PHOENIX — Major League Baseball Players Association chief Tony Clark labeled as “unprecedented” and “unprofessional” the recent remarks of New York Yankees President Randy Levine regarding the salary arbitration case of Yankees reliever Dellin Betances. The remarks, Clark said, “shouldn’t have happened in the fashion that it did.”

Betances, the Yankees’ top set-up man, lost his arbitration case Friday, with the arbitration panel ruling he should be paid the $3 million salary the Yankees had proposed for 2017, instead of the $5 million he was seeking. On Saturday, Levine invited Yankees reporters on a conference call, in which he ripped Betances for “over-the-top demands” that amounted to his asking to be paid like a closer instead of a set-up man.

“It’s like me saying, ‘I’m not the president of the Yankees. I’m an astronaut,’ ” Levine said. “I’m not an astronaut, and Dellin Betances is not a closer.”

Levine was sharply criticized for the comments by Betances’s agent and others in the industry, and on Sunday, Clark added his voice.

While Clark said the players’ union respects the decision and the arbitration system, he lamented what he called the “file-and-trial” mentality of some clubs, who, he said, have no intention of settling their cases ahead of a hearing, as the system was designed to encourage.

“That was never the intent of the arbitration system,” Clark said, calling the tactic a “philosophical shift.”

In a 90-minute session with baseball media, Clark also said the players were not ready to consider any of the various rule changes being floated and proposed by management, including a pitch-clock to speed up pitchers and a proposal being implemented in the low minor leagues where each extra inning would begin with a runner on second base.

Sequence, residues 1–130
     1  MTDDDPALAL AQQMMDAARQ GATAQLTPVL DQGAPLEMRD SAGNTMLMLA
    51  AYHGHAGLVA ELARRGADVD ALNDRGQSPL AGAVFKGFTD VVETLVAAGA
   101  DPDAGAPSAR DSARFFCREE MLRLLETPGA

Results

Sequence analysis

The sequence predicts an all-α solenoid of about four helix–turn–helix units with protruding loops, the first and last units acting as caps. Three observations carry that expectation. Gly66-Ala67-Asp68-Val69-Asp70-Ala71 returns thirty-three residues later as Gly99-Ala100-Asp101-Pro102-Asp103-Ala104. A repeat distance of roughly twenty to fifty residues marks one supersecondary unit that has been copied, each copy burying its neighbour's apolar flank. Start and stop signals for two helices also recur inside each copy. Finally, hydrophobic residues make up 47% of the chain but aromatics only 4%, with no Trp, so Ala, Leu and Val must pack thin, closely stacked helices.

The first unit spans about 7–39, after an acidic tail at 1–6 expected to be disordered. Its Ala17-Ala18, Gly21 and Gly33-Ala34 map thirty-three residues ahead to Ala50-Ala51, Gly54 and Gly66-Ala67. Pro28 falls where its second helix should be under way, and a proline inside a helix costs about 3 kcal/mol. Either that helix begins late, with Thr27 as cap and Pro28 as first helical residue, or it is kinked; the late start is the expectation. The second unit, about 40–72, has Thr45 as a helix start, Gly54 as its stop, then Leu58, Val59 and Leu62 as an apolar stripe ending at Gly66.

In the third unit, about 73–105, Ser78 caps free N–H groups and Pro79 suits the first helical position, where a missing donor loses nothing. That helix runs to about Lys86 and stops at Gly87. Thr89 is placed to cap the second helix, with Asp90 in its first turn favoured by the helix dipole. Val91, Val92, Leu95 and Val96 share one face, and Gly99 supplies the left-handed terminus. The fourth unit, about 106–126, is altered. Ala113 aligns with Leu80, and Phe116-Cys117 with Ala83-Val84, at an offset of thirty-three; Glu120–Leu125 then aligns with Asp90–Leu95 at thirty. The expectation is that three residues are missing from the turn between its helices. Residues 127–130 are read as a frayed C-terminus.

“No, no, no,” Clark said when asked whether the players would support the extra-innings rule change in the majors.

The one exception, he said, is a proposal to eliminate the four-pitch intentional walk and replace it with a rule allowing the pitcher to simply signal to the umpire that he would like to put the batter on first base automatically. It is possible that rule change could be implemented as soon as this season.

Asked about some agents complaining privately that teams have been colluding against free agents this winter, Clark did not outright dismiss those claims and acknowledged he has had those discussions with some agents.

“Having concerns is one thing,” Clark said. “Taking whatever can be deciphered as fact and making a determination from there can be another.”

Clark also said MLB and the players’ association are monitoring the arrivals of international players to spring training camps with added interest this spring, in light of President Trump’s stricter immigration proposals, but had yet to notice any uptick in visa issues.

“There are a lot of concerns,” Clark said. “There have always been a lot of concerns. We have challenges every offseason with guys who are looking to obtain a visa to come back and play after being home. Admittedly, the climate is even more different now than it has been in the past. We don’t know to the extent that it’s going to affect our guys.”